It’s lights out in Sivakasi

The Supreme Court’s order regulating the manufacture of crackers has forced the industry in Sivakasi to go into shutdown mode. With no clarity on what constitutes ‘green crackers’, lakhs of workers stare at an uncertain future

November 24, 2018 11:55 pm | Updated December 03, 2021 10:13 am IST

A grim-faced middle-aged man shakes his head in disappointment after reading a multicolour banner in front of a fireworks unit on Naranapuram Road, Sivakasi. Its message is loud and clear.

“Due to unprecedented hardships suffered due to the harsh and impractical conditions imposed by the Hon’ble Supreme Court of India in its orders dated 23.10.18 and 31.10.18, this factory is forced to close indefinitely. You may claim your gratuity and other benefits as per law.”


It is normal for fireworks units spread across Sivakasi, Vembakottai, Virudhunagar and Sattur taluks of Virudhunagar district to remain shut for 15 to 30 days post Deepavali. But, this year, industry bodies -- including Tamil Nadu Fireworks and Amorces Manufacturers' Association (Tanfama) and The Indian Fireworks Manufacturers' Association (Tifma) -- announced an indefinite closure of factories on November 12.

Just a few days earlier, Sivakasi’s fireworks had lit up skies across the country with bright and multi-hued light during the festival of lights. But the sheen of 'Kutti Japan', the nation’s fireworks hub, was robbed when the lights died out.

The closure has rendered about three lakh workers employed by the 1,070 registered fireworks units in the district jobless. Except for the presence of a handful of supervising staff and security personnel, thousands of working sheds remain locked and the sprawling units wear a deserted look.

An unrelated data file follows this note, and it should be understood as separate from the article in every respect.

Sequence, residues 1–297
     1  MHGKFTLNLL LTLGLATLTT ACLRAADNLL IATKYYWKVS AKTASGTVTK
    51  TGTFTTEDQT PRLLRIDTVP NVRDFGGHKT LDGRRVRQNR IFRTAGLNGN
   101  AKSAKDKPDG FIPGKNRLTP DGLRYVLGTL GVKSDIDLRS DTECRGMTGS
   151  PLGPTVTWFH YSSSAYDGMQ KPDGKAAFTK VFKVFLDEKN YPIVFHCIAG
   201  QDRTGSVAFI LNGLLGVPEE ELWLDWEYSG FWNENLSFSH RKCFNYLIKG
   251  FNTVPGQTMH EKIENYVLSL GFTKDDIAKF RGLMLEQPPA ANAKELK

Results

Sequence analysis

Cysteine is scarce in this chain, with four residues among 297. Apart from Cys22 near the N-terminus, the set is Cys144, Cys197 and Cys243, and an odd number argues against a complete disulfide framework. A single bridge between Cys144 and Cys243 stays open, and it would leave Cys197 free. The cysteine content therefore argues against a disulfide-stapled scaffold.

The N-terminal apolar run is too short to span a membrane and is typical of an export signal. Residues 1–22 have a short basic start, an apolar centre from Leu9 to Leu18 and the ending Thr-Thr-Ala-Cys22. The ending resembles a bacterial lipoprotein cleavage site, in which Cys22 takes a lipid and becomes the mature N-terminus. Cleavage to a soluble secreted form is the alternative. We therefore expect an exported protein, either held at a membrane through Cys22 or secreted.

The Supreme Court's recent orders banning manufacture and sale of all fireworks, except green crackers and crackers with reduced emissions, have virtually imposed a blanket ban on production. Practically, the industry cannot make any fireworks if it is to comply with these orders.

“Since the court has banned joined crackers and fireworks with barium salts which constitute 80% of traditional fireworks, the industry cannot make any crackers now. In this scenario, we had no other option but to close down the industry,” says Tanfama president A. Asaithambi.

Dire straits

The situation is dire for the workers, including P. Kaleeswari, 34, a single mother. “Only if I work for all 30 days a month, can I run my family.” Forty-two-year-old K. Sadachiammal, who has been making fireworks, returned to Sivakasi within a few years of her marriage to Karuppasamy in a different village. Working on farmland did not fetch the couple enough money to run the family with two children. “Now, my husband and two sons (both married) are also into making crackers,” she says with pride. She earns anywhere between ₹300 and ₹400 a day. The advantage of working to earn at piece rate is the flexible working time which allows her to take care of chores at home.

Sadachiammal is now worried as ‘uppu’ (barium) and chorsa have been banned. She makes chorsa, while her husband and sons are involved in mixing chemicals.

What are green crackers?

As for the remaining 20%, the industry is confused as to whether these fireworks come under the category of'green crackers' permitted by the apex court. “We are yet to get an answer to the question: What are green crackers? No authority has an answer, but everyone wants us to make only green crackers,” rues Tanfama general secretary K. Mariappan. “We are ready to make green crackers, but no agency in the country is ready to define them,” he adds, saying even the Petroleum and Explosives Safety Organisation (Peso), which is the licensing and regulating authority for fireworks, has no clue.

This question has virtually crippled the industry with an annual turnover of ₹6,000 crore. It has flourished for over eight decades in the arid Virudhunagar district, where employment in agriculture is not significant.